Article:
St.Paul’s Church of Ireland, Cahir

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    • #709953
      ake
      Participant

      I was briefly inside this church recently and seeing as there doesn’t seem to be much material on the net, none that I can find anyway, and since it’s an exceptionally fine building I thought I’d throw this up;

      Designed by John Nash, it was consecrated in 1820 and fully completed by 1824. It has retained it’s original pews and galleries, and thus the original seating arrangements, which is rare. Later 19th century alterations include the organ at the top of the nave from 1896 and the alteration of the chancel and vestry; a separate vestry built on the back and the chancel pushed back into the original vestry space;

      “Prior to the building of the present vestry, the area under the tower crossing contained a single liturgical three-decker arrangement of pulpit, reading desk, and altar table, with the font nearby”

      The semi circular line of the original rails can be made out in the tiles under the crossing. In the 1900’s a new pulpit, lectern and desk were installed, all fine oak carvings and in 1926 the oak panelling in the chancel was finished. There’s also good stained glass, none original, including one window by Ninian Comper, which along with the rest has suffered from vandalism, which has required the erection of ugly iron grids to protect the windows. Currently the interior is suffering from moisture and dampness, which apparently is related to a lightening strike which hit the spire, neccessitating it’s rebuilding. The radiators stuck onto the western gallery are unfortunate.

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    • #800089
      Anonymous
      Inactive

      Thank you so much for this post. I so nearly tried to see it the other day on my way from Cork but having stopped at the ravishing gothick cathedral of Lismore I went on to classical Cashel instead – which was locked alas.

      Is the east window Clayton and Bell? Comper’s glass could be rather feeble but I so wish i had seen it. This interior is very fine. I so wish we anglicans had not followed our big sister in this mindless adoption of the westward altar.

    • #800090
      Anonymous
      Inactive

      I’m not sure about the east window. The Comper glass is one of the aisle lights and is of a knight, but it has been vandalised and from the looks of it the light isn’t coming through the bottom half maybe they have something on the outside for some reason. If you’re really interested I might have more detailed shots of one or two windows. I have one of the east window.

      The COI cathedral in Cashel, the beautiful exterior is the main attraction. The interior’s not the greatest, though I don’t know much about it, it looks like a Victorian alteration disaster, but it has some fine furnishings, and what appear to be early (possibly Georgian?) carved stalls at west end.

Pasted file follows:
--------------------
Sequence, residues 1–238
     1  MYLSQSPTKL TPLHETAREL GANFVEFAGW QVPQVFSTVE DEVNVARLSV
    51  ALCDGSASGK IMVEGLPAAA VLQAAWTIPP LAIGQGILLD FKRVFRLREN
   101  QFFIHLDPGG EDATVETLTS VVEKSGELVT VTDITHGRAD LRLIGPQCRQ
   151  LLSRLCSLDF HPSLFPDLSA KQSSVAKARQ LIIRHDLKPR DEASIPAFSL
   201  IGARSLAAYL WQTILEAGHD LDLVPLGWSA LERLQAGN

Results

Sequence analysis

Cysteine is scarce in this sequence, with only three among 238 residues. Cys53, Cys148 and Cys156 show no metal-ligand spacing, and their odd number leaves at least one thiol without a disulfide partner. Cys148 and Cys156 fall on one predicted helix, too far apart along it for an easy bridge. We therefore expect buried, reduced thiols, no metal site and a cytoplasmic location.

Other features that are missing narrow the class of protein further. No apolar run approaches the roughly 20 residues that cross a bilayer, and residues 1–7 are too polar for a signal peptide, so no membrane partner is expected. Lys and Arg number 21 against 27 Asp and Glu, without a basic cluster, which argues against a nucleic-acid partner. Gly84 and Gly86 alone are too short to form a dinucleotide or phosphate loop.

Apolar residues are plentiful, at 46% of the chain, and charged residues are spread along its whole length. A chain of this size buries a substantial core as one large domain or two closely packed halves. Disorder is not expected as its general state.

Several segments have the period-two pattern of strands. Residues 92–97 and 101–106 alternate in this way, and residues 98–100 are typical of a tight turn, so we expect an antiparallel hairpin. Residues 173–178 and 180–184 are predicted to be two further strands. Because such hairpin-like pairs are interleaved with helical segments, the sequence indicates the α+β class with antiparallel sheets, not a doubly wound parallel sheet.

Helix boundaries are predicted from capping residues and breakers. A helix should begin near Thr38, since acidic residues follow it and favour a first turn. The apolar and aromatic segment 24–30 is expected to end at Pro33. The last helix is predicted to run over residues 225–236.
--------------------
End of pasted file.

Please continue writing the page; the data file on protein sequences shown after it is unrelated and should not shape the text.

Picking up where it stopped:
I have a couple of shots of it here, at the top of the set;

      http://www.flickr.com/photos/58086761@N00/sets/72157600340544167/

    • #800091
      Anonymous
      Inactive

      ake: fascinating post – 10/10 for the photos and the effort. Why not a thread to counteract (in a friendly way) ‘The Reorganisation and Destruction…’ for the Catholic churches? A similar one on Church of Ireland churches would be fascinating for outsiders like me (although one perhaps in a less generally negative vein!).

    • #800092
      Anonymous
      Inactive

      Yes you are correct. the tractarian influence was not always kind to irish classical churfhes in the C of I.

      As you can see from you excellent picture ( for which renewed thanks ) they constructed a narrower Chancel behind the false arch within the easter section of the georgian rectangle and made lombardic romanesque quire aisles and a feeble apse.
      Into the northern of these aisles the squeezed most of the contents of the historic west gallery organ. The stalls which you picture at the west end under the gallery continued along quite a stretch of the north and south walls of the nave. If memory serves me these were lost but they may have been reused in the new quire. The ceiling also is unpleasing. Of anglican classical cathedrals this once fine building is fatally compromised. Administrator of Cobh take note. Waterford although altered is sublime. Clogher is plain but not un-pleasing. The old classical cathedral of Cork was decent but unremarkable. Elphin is a ruin.

    • #800093
      Anonymous
      Inactive

      nebuly: Your conclusions are almost elegaic… more on that vein, please.

    • #800094
      Anonymous
      Inactive

      Here’s the east window; larger version here; http://www.flickr.com/photos/58086761@N00/2442211617/sizes/l/

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    • #800095
      Anonymous
      Inactive

      Rather fine – but for the slightly wearisome tabernacle work at the top.

      Our Lord ascended in Dalmatic and Cope!! – I remain convinced that the anglo catholic influence was much stronger in late nineteeneth century irish anglicanism than is generally admitted.

      Is this window Heaton Butler and Bayne? It seems much too fine to me – but not quite Burlison and Grylls and certainly not Kempe

      I will try to find out – Nichola Gordon Bowe mwill likely know

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